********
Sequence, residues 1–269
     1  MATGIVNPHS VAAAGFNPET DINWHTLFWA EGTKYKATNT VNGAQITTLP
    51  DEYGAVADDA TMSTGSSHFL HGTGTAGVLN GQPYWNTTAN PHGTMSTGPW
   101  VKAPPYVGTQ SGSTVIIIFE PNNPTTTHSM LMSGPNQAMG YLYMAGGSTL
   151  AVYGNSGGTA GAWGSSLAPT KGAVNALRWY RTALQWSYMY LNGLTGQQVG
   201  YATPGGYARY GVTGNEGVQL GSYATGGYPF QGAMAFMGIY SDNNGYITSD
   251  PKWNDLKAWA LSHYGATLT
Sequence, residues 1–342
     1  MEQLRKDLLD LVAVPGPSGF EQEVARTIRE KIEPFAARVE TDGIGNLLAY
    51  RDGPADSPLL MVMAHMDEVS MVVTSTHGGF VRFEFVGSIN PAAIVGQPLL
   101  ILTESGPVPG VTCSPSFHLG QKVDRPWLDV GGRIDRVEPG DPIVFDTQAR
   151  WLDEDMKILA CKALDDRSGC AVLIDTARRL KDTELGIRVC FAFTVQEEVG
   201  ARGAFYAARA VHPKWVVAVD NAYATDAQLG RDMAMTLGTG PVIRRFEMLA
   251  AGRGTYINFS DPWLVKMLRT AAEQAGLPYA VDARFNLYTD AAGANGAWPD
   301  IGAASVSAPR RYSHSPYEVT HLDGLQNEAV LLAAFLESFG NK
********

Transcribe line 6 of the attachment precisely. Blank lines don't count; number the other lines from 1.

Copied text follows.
   201  YATPGGYARY GVTGNEGVQL GSYATGGYPF QGAMAFMGIY SDNNGYITSD